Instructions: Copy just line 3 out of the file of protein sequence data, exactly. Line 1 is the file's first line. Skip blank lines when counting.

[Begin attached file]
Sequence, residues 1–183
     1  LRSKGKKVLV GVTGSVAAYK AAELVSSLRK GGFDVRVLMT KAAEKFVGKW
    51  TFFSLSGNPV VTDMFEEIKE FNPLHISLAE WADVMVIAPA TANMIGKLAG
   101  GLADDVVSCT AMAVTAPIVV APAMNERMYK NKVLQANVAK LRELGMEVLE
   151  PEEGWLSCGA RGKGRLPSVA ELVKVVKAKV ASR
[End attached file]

    51  TFFSLSGNPV VTDMFEEIKE FNPLHISLAE WADVMVIAPA TANMIGKLAG